Webinar #3 - What plant pathogens could be in my irrigation water? (December 2013)

By: Gary Moorman

Webinar Recording

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Hello everyone. Welcome to today's webinar

I'm Gary Moorman, a professor of plant pathology at Penn State University.


At the end of the Webinar, you can activate your phone and ask questions.
You can also pose questions using the chat box... and I'll get to those too.


This is one of a series of webinars organized by the research team on the Specialty Crop Research Initiative Project titled, Integrated Management of  Zoosporic Pathogens and Irrigation Water Quality for a Sustainable Green Industry.

The project is funded by the USDA National Institute for Food and Agriculture and the research team is from several universities and the USDA as you can see from the various logos displayed here.

We would like to thank the panel of growers, the Society of American Florists, and the American Nursery and Landscape Association for their advice and assistance on this project. They are key partners in this project.

Major goals of this project include

We recognize, in developing this project, that many plant pathogens can be found in water. And that recognition has resulted in our coordinating the writing of a book on the subject. There are 49 authors from around the world. Chuan Hong at Virginia tech is heading the editorial team of Carmen Buettner at Humboldt - Universität zu Berlin, Germany
Walter Wohanka at Geisenheim Research Center, Germany and I. The book is to be published by the American Phytopathological Society in April 2014. Just Google shop APS Press next spring and the book will be advertised.

That book will have separate chapters on the various pathogen groups as well as chapters on the threat of plant pathogens in irrigation water in greenhouse crops, nursery crops, vegetables, and deciduous fruit and nut trees. There are chapters on the detection and mitigation of plant pathogens in water as well.

Today's webinar will address the issue of plant pathogens in general that could be found in irrigation water, regardless of the types of plants you grow or the irrigation system you currently use or are thinking of using.

I will present information on the wide variety of plant pathogens that have been found in water and are suspected of causing crop losses following spread via water.

I will also discuss some of the findings of our research project related to Phytophthora and Pythium species we have found in nursery and greenhouse water.

Plant pathogens in irrigation water are particularly of concern in high value crops such as woody ornamentals, floricultural crops, vegetables, and fruits where irrigation is intensive.

Numerous published studies, beginning almost 100 years ago, have documented the presence of plant pathogens in irrigation water
1921 = one of the earliest

Since that time, there have been numerous studies reporting plant pathognes from almost every major pathogen group being found in irrigation water: Bacteria, Viruses, Nematodes, Fungi, Fungus-like Oomycetes.

We have provided a handout with information from the upcoming book listing plant pathogens that have been found in various water sources... whether irrigation water or other water and the organisms I will be referring to throughout this webinar are listed in that handout.

NOTE that plant pathogens may enter a cropping system from several sources:

Water is just one of many possible source of plant pathogens entering a crop.

Today, let's consider WHAT could be in water.

Let's start with the BACTERIA

Bacteria are very simple living organisms, only a few of which are plant pathogens. None of the plant pathogenic bacteria form a resistant spore. They live as single celled micro organisms with a cell wall. They reproduce by one cell dividing into two... a very simple life history.

Here is a list of 12 different plant pathogenic bacteria that have been found in irrigation water and implicated in causing losses in the crops indicated.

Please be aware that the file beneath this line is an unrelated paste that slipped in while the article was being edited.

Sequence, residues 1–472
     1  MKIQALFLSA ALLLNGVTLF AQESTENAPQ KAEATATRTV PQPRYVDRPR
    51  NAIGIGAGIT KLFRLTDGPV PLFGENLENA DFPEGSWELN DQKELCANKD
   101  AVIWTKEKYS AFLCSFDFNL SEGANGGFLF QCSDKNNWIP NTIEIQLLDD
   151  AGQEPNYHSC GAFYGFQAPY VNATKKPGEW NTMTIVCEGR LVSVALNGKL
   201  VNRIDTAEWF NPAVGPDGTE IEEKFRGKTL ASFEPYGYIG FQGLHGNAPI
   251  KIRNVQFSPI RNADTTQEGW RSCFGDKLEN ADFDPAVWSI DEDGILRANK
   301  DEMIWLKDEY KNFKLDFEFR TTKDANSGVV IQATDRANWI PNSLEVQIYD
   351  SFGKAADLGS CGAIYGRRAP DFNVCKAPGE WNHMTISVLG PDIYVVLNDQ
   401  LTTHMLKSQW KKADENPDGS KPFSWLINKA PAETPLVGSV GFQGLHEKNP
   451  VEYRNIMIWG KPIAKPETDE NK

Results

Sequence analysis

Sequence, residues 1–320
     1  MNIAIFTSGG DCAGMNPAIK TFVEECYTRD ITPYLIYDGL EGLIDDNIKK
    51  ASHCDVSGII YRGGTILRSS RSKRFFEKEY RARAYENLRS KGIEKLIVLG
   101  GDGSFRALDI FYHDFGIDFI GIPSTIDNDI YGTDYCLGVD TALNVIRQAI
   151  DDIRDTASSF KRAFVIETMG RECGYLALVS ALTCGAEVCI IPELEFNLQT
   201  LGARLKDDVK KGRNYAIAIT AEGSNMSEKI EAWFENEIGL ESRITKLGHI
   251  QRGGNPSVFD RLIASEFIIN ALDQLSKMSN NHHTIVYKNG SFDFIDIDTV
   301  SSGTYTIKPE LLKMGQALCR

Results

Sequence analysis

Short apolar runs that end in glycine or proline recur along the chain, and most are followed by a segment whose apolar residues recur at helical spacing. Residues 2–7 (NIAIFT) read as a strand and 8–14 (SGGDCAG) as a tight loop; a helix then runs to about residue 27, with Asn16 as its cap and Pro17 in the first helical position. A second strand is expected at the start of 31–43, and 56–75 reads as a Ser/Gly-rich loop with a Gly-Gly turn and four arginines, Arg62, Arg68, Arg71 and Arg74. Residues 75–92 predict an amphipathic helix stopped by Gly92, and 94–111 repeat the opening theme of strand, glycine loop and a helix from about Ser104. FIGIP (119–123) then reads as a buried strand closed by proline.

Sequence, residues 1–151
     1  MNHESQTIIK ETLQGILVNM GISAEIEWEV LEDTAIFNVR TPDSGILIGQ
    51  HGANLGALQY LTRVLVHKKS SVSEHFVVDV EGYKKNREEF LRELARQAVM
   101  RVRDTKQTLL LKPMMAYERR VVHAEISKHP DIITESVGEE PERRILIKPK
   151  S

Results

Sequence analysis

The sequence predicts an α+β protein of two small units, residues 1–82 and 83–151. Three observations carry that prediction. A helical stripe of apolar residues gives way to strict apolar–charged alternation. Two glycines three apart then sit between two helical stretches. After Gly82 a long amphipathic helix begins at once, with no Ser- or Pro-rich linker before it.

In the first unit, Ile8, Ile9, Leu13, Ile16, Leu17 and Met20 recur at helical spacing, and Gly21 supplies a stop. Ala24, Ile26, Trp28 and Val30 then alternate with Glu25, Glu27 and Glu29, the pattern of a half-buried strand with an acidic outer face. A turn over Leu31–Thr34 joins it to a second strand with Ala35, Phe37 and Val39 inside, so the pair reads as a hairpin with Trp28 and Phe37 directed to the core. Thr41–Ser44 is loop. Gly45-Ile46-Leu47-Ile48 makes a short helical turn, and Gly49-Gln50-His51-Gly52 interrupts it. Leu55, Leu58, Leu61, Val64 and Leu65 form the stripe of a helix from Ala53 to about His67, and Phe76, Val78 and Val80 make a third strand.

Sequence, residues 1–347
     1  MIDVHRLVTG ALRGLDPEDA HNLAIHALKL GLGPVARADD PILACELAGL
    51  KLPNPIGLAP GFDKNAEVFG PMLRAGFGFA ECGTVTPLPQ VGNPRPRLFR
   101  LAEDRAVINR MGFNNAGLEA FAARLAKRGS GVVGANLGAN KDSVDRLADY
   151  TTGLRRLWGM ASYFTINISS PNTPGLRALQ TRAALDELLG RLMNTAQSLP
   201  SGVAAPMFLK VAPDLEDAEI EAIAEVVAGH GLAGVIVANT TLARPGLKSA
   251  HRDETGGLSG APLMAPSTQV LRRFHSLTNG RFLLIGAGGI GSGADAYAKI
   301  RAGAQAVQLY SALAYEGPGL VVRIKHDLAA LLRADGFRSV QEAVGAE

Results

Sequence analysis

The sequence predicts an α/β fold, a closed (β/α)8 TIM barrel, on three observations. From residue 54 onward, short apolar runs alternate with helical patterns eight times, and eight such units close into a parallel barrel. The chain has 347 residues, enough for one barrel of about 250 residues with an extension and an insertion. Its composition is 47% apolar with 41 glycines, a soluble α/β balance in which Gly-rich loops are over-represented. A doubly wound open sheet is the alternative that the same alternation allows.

Regardless of how they got into the water, it was shown that the the same genus and species found in the watger were found infecting plants.

I should point out that most of the published reports are that type of circumstantial evidence. A particular organism  is found causing disease. That particular organism is found in the water. And it is assumed that disease in the plants is coming from the pathogen dispersed in the water.

In fact, very few studies prove beyond a shadow of a doubt that the organism causing the disease actually came to the crop via water.
But the evidence is strong.

A key bacterium, Ralstonia solanacerum, has been known to cause disease when it is dispered via water.

In the older literature, this bacterium was called Pseudomonas solanacearum. The common name for the diseases it causes is bacterial wilt or in N. Am., called southern wilt

Ralstonia  is well known to be dispersed long distances in infected plants shipped from place to place. It is spread short distances on tools, equipment, clothing that becomes contaminated. Movement of soil that harbors the bacteria AND IN IRRIGATION WATER. Race 3, Biovar 2 of Ralstonia solanacerum is not endemic to North America. It is on the USDA-APHIS select agent list because it can infect potato

Race 1 is native to North America but does not go to potato.

Both can be spread via irrigation water.

Race 3 has been accidentally introduced into North America at least 3 separate times on geranium cuttings. Each time, it was caught and destroyed

If Race 3 of Ralstonia solanacerum is found– all plants sharing recycled water, whether recognized host or not, must be destroyed.

If that same water were being recycled to arborvitae, the arborvitae would also have to be destroyed if Race 3, Biovar 2 were found.

The reason is that Ralstonia can survive in the water and in soil. Infested soil would be sold with the plant and Ralstonia Race 3, Biovar 2 would end up in North America.

Erwinia carotovora is another important bacterium that has been found in irrigation water. That bacterium is a common soft rotter of vegetables and cuttings of herbaceous plants.

The great difficulty with bacteria is that there are very few chemicals that give a high level of plant protection against the diseases they cause. You need to try to exclude them from the production system rather than deal with them in the system.


True fungi generally considered terrestrial in habitat. Many have been found in water, including these. And here are more:

Fungi are so widespread, in so many habitats, it should not be surprising that some are found in water. Some probably just fall in.

Key ones = Fusarium and Verticillium

Once Fusarium or Verticillium is in the water, plants are repeatedly inoculated every time water is applied, the irrigation system collects and concentrates inoculum, and then disperses it

Very importantly, if inoculum is introduced into fields on a few transplants, the irrigation system then disperses Fusarium or Verticillium to irrigated areas that previously never had those plant pathogens.

They are two examples of true fungi that have been found in irrigation water.

Another group of organisms found in water are...

NEMATODES - Recognized as essentially aquatic – in thin films of water.